Common mistakes people make leading up to a big run

Thinking about signing up for a big run? Don’t fall into one of these common traps…

No game plan

Running may sound like the type of exercise that you just get out and simply do, but if you intend to turn your rookie runner status into I’m a runner you should get your technique right from the get go.

Have you ever looked down at your feet to determine how your foot strikes the pavement? This may sound counterintuitive, but there’s actually a few different steps one can take, such as a forefoot, midfoot or heel strike. The way you strike can actually affect other muscles, therefore knowing what strike to take may improve your longevity.

For example, for those who lead with their forefoot, the plantar fascia, Achilles and calf muscles can take on more of a load, however this may be better for people with ITB or glute/hip issues.

If you strike with your heel, the glutes and quads take on more of the physical load, therefore those with calf or ankle issues may want to avoid.

For midfooters, you sit in the middle of the two which may be a good transition from one to the other or to balance the load better.

Get in get out

There’s a pre and post-game to running that often gets dismissed: stretching! Without stretching you can expect a running hangover that may last longer than a day. Stretching before helps prepare your muscles and releases tension after, reason being so your muscles aren’t shocked by the zero to hero and left sore afterwards.

The main thing to remember is to perform dynamic stretches, i.e. leg swings and squats before a run, and static stretches after your run i.e. forward bends. Dynamic stretching helps prepare your muscles for momentum and begins to extend the range of motion, be careful not to overextend but just warm up.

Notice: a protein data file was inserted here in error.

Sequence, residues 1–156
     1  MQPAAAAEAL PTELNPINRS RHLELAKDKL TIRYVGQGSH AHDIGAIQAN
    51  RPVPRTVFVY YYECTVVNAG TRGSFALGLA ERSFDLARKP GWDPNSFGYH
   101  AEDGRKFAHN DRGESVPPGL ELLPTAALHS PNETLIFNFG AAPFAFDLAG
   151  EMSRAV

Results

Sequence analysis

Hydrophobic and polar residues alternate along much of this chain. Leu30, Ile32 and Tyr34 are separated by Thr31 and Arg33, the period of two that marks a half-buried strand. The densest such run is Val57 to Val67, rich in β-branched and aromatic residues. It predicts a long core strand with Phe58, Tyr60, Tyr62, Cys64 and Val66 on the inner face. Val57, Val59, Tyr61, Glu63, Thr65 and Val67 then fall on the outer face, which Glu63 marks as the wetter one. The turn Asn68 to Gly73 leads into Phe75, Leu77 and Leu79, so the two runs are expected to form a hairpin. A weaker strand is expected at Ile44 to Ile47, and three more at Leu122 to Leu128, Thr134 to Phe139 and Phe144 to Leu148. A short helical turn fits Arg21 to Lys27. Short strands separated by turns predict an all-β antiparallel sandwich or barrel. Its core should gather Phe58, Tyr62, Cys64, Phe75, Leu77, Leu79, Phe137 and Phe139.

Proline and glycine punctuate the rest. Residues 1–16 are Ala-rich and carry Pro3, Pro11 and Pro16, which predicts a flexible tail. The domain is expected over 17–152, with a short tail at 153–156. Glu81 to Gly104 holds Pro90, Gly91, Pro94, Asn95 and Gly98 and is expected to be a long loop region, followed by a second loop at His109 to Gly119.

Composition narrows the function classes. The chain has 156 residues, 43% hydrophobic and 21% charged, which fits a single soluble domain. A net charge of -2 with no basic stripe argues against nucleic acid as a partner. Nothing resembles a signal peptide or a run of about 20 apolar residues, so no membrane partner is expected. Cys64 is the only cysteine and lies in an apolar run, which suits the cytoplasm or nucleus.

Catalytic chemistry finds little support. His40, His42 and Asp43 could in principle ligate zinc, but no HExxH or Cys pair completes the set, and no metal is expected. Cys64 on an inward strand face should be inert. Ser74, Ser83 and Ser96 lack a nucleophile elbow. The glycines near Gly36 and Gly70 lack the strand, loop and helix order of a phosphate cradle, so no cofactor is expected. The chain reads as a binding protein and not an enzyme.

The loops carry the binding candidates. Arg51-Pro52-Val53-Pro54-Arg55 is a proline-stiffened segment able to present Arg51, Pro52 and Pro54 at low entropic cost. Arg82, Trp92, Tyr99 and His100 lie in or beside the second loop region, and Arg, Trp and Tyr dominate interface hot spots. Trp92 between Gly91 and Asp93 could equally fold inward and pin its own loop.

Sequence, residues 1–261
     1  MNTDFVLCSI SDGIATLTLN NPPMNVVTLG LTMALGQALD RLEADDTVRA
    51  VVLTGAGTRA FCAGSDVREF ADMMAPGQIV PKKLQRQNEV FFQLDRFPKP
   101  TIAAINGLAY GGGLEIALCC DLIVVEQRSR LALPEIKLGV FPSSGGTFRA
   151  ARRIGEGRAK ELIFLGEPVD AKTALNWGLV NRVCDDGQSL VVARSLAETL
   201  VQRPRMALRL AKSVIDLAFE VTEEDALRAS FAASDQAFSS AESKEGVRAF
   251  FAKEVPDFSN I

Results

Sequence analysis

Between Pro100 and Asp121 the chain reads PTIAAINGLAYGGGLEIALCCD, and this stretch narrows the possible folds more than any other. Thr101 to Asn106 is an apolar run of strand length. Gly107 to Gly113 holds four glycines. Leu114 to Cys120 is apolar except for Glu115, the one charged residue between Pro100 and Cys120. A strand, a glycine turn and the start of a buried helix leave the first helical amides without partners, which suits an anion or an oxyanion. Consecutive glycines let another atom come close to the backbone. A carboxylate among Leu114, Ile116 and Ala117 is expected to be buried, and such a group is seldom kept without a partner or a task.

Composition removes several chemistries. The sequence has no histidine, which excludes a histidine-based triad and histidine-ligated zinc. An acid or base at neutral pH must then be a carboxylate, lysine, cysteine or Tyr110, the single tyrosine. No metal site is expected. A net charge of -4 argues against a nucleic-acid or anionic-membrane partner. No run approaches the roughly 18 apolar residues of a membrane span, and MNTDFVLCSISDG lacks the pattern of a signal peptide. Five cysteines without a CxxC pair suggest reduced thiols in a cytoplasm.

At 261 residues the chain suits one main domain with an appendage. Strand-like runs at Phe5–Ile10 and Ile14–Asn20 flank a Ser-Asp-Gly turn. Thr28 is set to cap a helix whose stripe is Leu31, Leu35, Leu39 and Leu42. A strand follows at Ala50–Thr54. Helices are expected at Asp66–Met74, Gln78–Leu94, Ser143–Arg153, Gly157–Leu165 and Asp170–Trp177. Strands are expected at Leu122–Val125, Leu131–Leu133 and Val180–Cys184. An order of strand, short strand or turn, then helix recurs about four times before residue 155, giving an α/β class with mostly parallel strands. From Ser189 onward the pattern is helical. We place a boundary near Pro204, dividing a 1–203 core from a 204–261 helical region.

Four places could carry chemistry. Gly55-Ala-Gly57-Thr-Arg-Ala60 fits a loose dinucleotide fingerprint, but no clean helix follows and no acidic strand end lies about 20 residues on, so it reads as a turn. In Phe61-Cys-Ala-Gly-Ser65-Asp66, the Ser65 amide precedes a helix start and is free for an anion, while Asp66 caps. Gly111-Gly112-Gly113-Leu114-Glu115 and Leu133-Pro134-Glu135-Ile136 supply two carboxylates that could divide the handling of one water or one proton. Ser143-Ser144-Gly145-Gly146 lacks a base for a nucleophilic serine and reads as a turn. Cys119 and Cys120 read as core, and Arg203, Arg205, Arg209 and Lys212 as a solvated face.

Stick to the treadmill

If you stick to the gym treadmill you may find yourself increasingly bored and less inspired to get out and run. Switching up your environment helps keep running interesting and also accountable, you’re less likely to stop as soon as the screen says you’ve burnt X calories or the TV program above you is no longer interesting.

Find different parks, suburbs, walking tracks or even beaches. If you’re training for a fun-run you’ll find that your terrain changes so getting used to different environments helps develop your stamina and mental strength to keep going.

Run and run only

Running relies on other areas of our body to maintain our technique and longevity, therefore it’s important to strengthen other areas to prevent against injury or poor stamina. Exercise that activate the glutes, quads and core supports optimal posture and ultimately help you get across the finishing line. On rest days, go for a gentle walk or swim and practice exercises that strengthen the listed areas.

Ben Lucas is the Director of Flow Athletic and a qualified personal trainer.

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